FoodHost: New Site To Help Foodies Live Out ‘Come Dine With Me’ Fantasies

Food lovers will now be able to live out their ‘Come Dine With Me’ fantasies thanks to the launch of the UK’s first ever online dinner party service.

FoodHost.co.uk aims to make civilised dinner parties something everyone in the UK can enjoy, with members able to host and attend dinner parties in their local area.

The site, launched by self-confessed foodie Chris Tau, is the first of its kind in the UK, with similar sites having already proven popular in the US.

Visitors to the site – which is free to join – simply register some basic information about themselves before browsing the listings for upcoming parties in their local area, and clicking to attend any which catch their eye.

Those wishing to host an event can do so privately – inviting up to six people from the site, or publically, detailing the type of meal they will be cooking, with any guest them able to sign up on a first come, first served basis.

Some events even encourage shared cooking responsibilities with the host specifying which dish they will be cooking and agreeing with guests what foods they will bring along.

Attendees are asked to leave feedback on their meals with hosts scored out of five stars meaning there is an incentive to go all out to ensure a great evening is had by all.

Events, which cost between £2-3 to attend, can last just one evening on be done on a reciprocal basis similar to the popular format of hit TV show Come Dine With Me.

Chris says he hopes the site will encourage fine dining in as many UK homes as possible.

He said: “Never before has awareness of food and cooking been so high amongst the British public and programmes like Come Dine With Me have shown just how much fun people can have hosting and attending local dinner parties.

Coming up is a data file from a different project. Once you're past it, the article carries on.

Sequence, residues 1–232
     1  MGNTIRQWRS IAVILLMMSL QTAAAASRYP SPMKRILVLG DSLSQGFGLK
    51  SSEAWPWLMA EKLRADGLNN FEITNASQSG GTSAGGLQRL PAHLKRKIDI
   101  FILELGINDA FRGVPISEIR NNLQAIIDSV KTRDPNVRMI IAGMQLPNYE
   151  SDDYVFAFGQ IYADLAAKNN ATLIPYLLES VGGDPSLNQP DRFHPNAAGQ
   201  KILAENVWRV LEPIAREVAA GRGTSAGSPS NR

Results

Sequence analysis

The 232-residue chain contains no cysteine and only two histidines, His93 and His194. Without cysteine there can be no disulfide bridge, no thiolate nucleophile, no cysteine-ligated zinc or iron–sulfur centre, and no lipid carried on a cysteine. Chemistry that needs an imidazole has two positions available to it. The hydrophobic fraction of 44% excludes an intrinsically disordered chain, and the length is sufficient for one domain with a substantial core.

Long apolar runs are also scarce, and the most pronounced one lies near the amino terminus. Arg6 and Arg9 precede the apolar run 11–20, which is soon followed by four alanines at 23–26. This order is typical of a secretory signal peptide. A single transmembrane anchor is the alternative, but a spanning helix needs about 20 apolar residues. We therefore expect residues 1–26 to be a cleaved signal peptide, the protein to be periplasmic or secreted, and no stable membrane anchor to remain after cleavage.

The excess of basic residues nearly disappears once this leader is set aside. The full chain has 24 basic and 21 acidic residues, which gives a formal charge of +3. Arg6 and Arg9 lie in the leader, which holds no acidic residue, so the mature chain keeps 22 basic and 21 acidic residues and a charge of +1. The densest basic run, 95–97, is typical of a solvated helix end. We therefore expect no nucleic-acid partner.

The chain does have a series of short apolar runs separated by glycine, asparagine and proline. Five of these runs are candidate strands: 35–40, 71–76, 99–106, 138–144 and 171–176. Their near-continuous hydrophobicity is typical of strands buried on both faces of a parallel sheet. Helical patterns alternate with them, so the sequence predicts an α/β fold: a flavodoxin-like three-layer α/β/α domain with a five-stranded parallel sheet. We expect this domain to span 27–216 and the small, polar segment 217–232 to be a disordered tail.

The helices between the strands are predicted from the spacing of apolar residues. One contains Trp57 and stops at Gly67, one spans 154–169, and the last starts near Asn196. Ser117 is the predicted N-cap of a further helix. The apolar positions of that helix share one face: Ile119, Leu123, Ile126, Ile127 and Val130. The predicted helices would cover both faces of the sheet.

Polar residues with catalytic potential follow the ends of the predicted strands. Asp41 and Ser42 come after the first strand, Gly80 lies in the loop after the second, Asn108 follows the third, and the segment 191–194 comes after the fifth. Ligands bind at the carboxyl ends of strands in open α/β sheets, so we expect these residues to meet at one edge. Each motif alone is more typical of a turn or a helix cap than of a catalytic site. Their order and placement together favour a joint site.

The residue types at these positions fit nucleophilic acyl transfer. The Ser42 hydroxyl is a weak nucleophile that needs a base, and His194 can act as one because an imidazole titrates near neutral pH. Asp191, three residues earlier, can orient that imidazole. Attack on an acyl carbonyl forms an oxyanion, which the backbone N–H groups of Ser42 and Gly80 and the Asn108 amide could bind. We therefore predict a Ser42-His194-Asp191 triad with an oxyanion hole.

“I hope we’ve created a foodie social network which will allow people across the country to enjoy some of the best home cooked food around, whilst at the same time making new friends.”

Hosts are unable to charge attendees for the meal, which Chris believes adds to the social element of the site.

He explains: “We researched what opinions would be if the host charged for food and found that for many guests this would make them feel uneasy, detracting from their overall enjoyment.

“If hosts were to charge there would be an incentive for them to use cheaper ingredients to maximise their profits which once again would result in a less enjoyable culinary experience and goes totally against what the site is all about.”

As with all social networks safety and security is a top priority and the site has taken steps to ensure guests and hosts alike continue to have great experiences.

Chris explains: “Our research found people had reservations about having strangers in their home, which is understandable.

“Therefore we have taken every step to build a creditable community by vetting all new members to ensure they are who they say they are and by encouraging them to link their Facebook and Twitter accounts, we hope to give members the greatest opportunity to find out as much as possible about the people they’ll be dining with.

“Guests are welcome to only offer private events whereby they pick who they invite and there’s even the option to specify the balance of male and female guests.”

For more information view FoodHost.co.uk .

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